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A snapshot of the expression signature of androgen receptor splicing variants and their distinctive transcriptional activities

Authors

  • Rong Hu,

    1. Departments of Urology, The Johns Hopkins University School of Medicine, Baltimore, Maryland
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  • William B. Isaacs,

    1. Departments of Urology, The Johns Hopkins University School of Medicine, Baltimore, Maryland
    2. Departments of Oncology, The Johns Hopkins University School of Medicine, Baltimore, Maryland
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  • Jun Luo

    Corresponding author
    1. Departments of Urology, The Johns Hopkins University School of Medicine, Baltimore, Maryland
    2. Departments of Oncology, The Johns Hopkins University School of Medicine, Baltimore, Maryland
    • Department of Urology, 411 Marburg Building, 600 N. Wolfe St., Baltimore, MD 21287.
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Abstract

BACKGROUND

The diversity and complexity of the human androgen receptor (AR) splicing variants are well appreciated but not fully understood. The goal of this study is to generate a comprehensive expression signature of AR variants in castration-resistant prostate cancer (CRPC), and to address the relative importance of the individual variants in conferring the castration-resistant phenotype.

METHODS

A modified RNA amplification method, termed selective linear amplification of sense RNA, was developed to amplify all AR transcripts containing AR exon 3 in CRPC specimens, which were profiled using tiling expression microarrays. Coding sequences for the AR variants were cloned into expression vectors and assessed for their transcriptional activities. Quantitative RT-PCR was used to determine their in vivo expression patterns in an expanded set of clinical specimens.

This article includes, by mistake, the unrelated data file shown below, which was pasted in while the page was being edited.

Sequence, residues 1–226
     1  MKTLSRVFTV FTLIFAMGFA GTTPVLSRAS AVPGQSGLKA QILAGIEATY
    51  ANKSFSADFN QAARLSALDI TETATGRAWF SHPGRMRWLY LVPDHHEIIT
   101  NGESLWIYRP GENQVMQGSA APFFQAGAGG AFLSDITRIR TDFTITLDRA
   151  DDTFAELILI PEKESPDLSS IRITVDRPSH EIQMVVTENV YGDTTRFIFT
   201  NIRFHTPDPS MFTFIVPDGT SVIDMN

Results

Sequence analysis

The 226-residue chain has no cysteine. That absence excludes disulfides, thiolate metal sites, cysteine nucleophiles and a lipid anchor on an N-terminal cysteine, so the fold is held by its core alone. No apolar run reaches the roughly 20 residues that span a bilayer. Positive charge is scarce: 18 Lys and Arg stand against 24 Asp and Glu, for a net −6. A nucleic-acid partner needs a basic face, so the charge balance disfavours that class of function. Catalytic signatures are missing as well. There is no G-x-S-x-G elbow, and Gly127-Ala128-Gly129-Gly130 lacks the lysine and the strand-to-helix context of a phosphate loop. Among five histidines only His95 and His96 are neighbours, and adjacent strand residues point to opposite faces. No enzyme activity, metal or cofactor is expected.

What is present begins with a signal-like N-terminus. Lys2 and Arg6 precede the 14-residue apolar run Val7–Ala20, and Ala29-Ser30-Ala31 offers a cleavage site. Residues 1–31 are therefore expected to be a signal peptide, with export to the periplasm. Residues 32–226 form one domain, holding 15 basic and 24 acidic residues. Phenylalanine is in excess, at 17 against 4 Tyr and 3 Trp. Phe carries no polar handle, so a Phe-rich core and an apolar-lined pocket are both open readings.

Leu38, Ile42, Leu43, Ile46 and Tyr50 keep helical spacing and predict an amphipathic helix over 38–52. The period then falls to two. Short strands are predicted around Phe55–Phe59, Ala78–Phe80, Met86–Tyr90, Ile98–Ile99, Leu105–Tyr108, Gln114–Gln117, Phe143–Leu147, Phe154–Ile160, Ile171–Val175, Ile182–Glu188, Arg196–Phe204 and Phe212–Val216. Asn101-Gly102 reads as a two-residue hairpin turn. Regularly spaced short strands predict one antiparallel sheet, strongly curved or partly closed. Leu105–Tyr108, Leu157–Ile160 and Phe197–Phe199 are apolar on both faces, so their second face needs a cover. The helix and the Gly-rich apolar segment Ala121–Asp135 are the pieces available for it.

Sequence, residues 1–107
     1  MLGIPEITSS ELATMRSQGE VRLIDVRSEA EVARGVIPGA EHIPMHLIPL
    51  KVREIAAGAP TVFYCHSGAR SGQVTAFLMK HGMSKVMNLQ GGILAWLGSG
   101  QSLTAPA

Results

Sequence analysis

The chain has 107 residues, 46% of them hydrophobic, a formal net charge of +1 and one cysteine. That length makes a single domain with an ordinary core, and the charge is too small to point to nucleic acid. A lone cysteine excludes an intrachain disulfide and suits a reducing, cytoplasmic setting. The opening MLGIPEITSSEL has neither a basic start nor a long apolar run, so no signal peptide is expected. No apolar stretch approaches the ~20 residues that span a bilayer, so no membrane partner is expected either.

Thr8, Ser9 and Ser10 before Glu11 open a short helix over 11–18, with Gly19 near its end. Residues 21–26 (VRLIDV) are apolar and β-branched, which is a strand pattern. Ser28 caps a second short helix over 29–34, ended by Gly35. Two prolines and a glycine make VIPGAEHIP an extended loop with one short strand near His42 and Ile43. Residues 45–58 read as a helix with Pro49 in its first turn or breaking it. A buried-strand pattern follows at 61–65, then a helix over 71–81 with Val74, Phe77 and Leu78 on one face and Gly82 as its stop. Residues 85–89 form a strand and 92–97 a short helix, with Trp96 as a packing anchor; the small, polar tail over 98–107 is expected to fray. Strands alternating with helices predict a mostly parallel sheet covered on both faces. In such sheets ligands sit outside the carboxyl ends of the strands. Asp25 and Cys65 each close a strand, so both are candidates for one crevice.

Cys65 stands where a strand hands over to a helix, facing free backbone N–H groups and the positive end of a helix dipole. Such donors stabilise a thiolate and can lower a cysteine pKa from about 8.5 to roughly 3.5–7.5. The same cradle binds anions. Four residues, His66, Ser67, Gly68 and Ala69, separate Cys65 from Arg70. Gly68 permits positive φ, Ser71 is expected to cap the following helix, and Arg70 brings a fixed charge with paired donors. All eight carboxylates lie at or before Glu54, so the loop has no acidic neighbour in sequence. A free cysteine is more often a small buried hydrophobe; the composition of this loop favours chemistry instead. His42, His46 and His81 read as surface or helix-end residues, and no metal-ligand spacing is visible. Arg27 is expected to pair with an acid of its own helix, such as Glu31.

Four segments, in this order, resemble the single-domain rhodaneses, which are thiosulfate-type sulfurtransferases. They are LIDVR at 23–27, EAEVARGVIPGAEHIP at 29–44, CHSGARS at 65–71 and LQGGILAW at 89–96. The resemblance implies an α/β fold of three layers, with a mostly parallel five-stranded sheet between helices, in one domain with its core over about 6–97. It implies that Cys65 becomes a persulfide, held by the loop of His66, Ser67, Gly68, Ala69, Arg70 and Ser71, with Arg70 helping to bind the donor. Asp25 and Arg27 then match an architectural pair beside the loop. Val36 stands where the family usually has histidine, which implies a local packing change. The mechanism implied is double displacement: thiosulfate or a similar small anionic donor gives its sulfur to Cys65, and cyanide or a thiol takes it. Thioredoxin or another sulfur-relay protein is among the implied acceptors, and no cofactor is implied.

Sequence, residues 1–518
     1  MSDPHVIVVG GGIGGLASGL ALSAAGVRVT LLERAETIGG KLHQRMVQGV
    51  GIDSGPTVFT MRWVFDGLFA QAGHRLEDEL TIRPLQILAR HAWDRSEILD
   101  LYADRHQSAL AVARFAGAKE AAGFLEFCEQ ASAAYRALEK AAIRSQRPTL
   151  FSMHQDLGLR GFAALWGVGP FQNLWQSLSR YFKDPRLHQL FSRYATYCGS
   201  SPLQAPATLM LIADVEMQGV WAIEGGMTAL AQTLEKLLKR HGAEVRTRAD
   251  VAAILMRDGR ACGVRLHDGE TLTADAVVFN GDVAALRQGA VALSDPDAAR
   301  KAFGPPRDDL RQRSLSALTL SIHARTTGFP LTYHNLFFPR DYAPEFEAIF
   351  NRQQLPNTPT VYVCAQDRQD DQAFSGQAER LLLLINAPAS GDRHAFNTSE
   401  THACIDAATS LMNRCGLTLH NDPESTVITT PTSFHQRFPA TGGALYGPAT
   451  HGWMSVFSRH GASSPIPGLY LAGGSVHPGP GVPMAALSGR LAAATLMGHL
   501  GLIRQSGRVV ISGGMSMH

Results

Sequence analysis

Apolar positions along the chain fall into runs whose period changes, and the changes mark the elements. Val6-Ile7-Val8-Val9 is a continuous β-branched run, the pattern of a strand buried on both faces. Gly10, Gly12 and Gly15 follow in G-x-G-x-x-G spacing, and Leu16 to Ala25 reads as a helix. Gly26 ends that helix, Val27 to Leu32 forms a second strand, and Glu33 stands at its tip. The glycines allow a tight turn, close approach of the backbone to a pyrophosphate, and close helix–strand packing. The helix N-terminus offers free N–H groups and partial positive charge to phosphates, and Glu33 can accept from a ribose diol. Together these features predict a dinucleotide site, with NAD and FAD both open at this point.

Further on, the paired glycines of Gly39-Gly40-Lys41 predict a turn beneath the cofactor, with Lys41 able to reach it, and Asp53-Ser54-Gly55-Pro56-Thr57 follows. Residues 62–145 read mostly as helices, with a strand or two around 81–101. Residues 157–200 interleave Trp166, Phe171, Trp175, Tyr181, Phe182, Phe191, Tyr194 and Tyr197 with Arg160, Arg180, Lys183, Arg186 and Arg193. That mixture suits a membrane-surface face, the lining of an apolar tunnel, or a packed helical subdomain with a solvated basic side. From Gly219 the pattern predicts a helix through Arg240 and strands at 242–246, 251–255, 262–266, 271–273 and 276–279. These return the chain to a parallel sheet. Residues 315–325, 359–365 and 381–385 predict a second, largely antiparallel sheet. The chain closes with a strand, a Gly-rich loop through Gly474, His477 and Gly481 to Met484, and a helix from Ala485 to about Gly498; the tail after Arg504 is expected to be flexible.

RESULTS

In addition to expression peaks in AR intron 3, a novel AR exon, termed exon 9, was discovered. Exon 9 was spliced into multiple novel AR variants. Different AR splicing variants were functionally distinctive, with some demonstrating constitutive activity while others were conditionally active. Conditionally active AR-Vs may activate AR signaling depending on the cellular context. Importantly, AR variant functions did not appear to depend on the full-length AR.

CONCLUSIONS

This study provided the first unbiased snapshot of the AR variant signature consisting of multiple AR variants with distinctive functional properties, directly in CRPC specimens. Study findings suggest that the aggregate function of multiple AR variants may confer a castration-resistant phenotype independent of the full-length AR. Prostate 71:1656–1667, 2011. © 2011 Wiley-Liss, Inc.

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